Most cell cycle regulation research has been conducted in model organisms representing a very small part of the eukaryotic domain. The highly divergent human pathogen Giardia intestinalis is ideal for studying the conservation of eukaryotic pathways. Although Giardia has many cell cycle regulatory components, its genome lacks all anaphase-promoting complex (APC) components. In the present study, we show that a single mitotic cyclin in Giardia is essential for progression into mitosis. Strikingly, Giardia cyclin B lacks the conserved N-terminal motif required for timely degradation mediated by the APC and ubiquitin conjugation. Expression of Giardia cyclin B in fission yeast is toxic, leading to a prophase arrest, and this toxicity is suppressed by the addition of a fission yeast degradation motif. Cyclin B is degraded during mitosis in Giardia cells, but this degradation appears to be independent of the ubiquitination pathway. Other putative APC substrates, aurora and polo-like kinases, also show no evidence of ubiquitination. This is the first example of mitosis not regulated by the APC and might reflect an evolutionary ancient form of cell cycle regulation.
Regulation of the eukaryotic cell cycle is mediated in part by signaling cascades orchestrated by protein kinases. Cdk1 (cyclin-dependent kinase 1) and its binding partner, cyclin B, form a complex essential for entry into mitosis (Brizuela et al., 1989; Draetta et al., 1989; Riabowol et al., 1989). Regulation of Cdk1 is achieved by several mechanisms including degradation of cyclin B (Draetta et al., 1989; Whitfield et al., 1990). Cyclin B is targeted for degradation by the proteasome prior to the onset of anaphase by ubiquitin conjugation by the anaphase-promoting complex (APC) (Hershko et al., 1994; King et al., 1995; Yu et al., 1996). Loosely conserved sequences such as D-boxes in the N-terminus of cyclin B have been shown to be necessary and sufficient for recognition by the APC for ubiquitination (Yamano et al., 1998; Geley et al., 2001). Although an APC is present in most eukaryotic lineages its components are not recognizable or are lacking in the Diplomonad and Parabasalid lineages (Eme et al., 2011 and this study).
Giardia intestinalis is a parasitic protozoon that colonizes the small intestine of mammals resulting in maladsorption and diarrhoeal disease (Adam, 2001; Morrison et al., 2007). Giardia is a member of the Diplomonads, considered one of the most basal and evolutionary distant eukaryotes (Ciccarelli et al., 2006; Fritz-Laylin et al., 2010) and thus of considerable interest for the study of basic cell biology. It remains unclear if the Diplomonads are part of a group, including the Parabasalids and the Oxymonads (referred to as the POD group), that diverged directly from the last common eukaryotic ancestor (Fritz-Laylin et al., 2010) or if a group termed the Excavates, diverged first then split into several groups including the POD group (Ciccarelli et al., 2006).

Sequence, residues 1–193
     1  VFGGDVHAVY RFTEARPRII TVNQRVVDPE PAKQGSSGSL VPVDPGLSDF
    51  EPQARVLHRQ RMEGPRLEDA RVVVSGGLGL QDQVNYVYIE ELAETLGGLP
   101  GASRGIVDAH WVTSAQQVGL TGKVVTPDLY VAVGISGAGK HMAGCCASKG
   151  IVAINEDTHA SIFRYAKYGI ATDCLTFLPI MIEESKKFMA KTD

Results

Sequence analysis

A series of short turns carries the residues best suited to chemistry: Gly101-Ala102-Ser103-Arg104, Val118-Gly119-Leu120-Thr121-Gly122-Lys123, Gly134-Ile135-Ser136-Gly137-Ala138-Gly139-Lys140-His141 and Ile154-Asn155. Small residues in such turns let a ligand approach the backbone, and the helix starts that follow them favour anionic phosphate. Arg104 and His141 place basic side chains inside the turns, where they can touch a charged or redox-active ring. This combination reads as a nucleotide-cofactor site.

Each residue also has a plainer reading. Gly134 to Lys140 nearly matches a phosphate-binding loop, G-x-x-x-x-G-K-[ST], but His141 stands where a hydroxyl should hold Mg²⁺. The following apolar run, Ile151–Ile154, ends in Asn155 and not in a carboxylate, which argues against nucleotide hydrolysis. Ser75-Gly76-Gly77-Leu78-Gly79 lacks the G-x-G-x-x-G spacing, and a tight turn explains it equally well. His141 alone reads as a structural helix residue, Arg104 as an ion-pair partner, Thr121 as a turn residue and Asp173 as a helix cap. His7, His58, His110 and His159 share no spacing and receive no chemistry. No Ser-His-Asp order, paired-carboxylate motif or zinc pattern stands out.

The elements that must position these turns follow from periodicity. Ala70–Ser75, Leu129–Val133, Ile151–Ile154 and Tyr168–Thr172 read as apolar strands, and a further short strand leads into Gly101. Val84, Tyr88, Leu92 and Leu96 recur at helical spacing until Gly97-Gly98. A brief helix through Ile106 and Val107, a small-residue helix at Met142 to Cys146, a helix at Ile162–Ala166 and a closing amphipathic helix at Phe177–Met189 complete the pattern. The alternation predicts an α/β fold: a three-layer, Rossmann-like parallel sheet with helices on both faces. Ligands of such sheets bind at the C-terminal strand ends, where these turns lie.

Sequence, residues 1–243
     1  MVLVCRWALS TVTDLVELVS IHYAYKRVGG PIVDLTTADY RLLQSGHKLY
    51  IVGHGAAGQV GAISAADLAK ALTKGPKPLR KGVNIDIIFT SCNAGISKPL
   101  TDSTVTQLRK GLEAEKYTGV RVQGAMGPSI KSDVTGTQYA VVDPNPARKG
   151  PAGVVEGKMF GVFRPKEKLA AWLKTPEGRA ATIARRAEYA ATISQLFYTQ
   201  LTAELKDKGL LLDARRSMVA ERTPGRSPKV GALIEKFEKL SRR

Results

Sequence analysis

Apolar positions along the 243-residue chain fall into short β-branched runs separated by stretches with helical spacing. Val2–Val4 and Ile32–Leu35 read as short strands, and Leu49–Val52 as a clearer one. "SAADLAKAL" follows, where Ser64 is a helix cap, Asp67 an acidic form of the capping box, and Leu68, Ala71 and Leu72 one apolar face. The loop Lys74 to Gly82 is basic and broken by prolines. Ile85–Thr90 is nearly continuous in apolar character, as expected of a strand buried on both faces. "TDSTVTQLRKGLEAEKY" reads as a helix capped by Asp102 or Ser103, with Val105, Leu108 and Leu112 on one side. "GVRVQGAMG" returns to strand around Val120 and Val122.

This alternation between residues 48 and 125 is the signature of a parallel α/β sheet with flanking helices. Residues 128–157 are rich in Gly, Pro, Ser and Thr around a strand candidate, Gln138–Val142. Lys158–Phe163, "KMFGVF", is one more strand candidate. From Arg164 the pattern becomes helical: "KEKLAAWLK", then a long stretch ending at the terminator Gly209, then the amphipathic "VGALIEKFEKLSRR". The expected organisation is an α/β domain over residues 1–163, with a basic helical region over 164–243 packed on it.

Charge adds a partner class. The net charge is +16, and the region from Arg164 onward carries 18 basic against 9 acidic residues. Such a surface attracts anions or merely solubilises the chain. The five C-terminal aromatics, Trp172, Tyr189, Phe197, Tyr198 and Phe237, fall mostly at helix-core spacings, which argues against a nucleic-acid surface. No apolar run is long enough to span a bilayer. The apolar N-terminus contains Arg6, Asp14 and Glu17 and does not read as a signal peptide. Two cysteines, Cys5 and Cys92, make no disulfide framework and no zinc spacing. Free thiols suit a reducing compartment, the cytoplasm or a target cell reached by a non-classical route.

The Giardia cell cycle is poorly defined at the molecular level with only a handful of proteins identified (Lauwaet et al., 2007; Morrison et al., 2007; Davids et al., 2008; Reiner et al., 2008). By mining the Giardia genome database for cyclin homologs (Reiner et al., 2008), several genes have been identified as candidates for a mitotic cyclin on the basis of sequence similarity. Each cell contains two diploid nuclei that are replicated concurrently (Bernander et al., 2001; Sagolla et al., 2006), and then simultaneously segregated to opposite poles of the cell by two separate spindles, prior to cytokinesis (Nohýnkova et al., 2000; Sagolla et al., 2006). Thus, the cell cycle in Giardia has G1, S, G2 and M phases similar to other eukaryotes.
In the present study, we show that one of these cyclins, Giardia cyclin B, although highly divergent, is required for progression into mitosis. Although Giardia has a proteasome (Paugam et al., 2003), and an active ubiquitin conjugation system (Gallego et al., 2007), Giardia cyclin B is not regulated by ubiquitin-mediated degradation in contrast to all mitotic cyclins characterized to date. Though Sacchoromyces cerevisiae strains have been engineered to complete anaphase and progress to telophase in the absence of an APC (Thornton and Toczyski, 2003) this is the first example of a eukaryotic organism that naturally progresses through the cell cycle without an APC. In Giardia, degradation of cyclin B is presumably regulated by interactions with other cell cycle proteins and by phosphorylation. Our findings highlight an evolutionarily distinct cell cycle that uses different regulatory mechanisms in this highly divergent eukaryote.
Giardia cyclin B lacks a degradation motif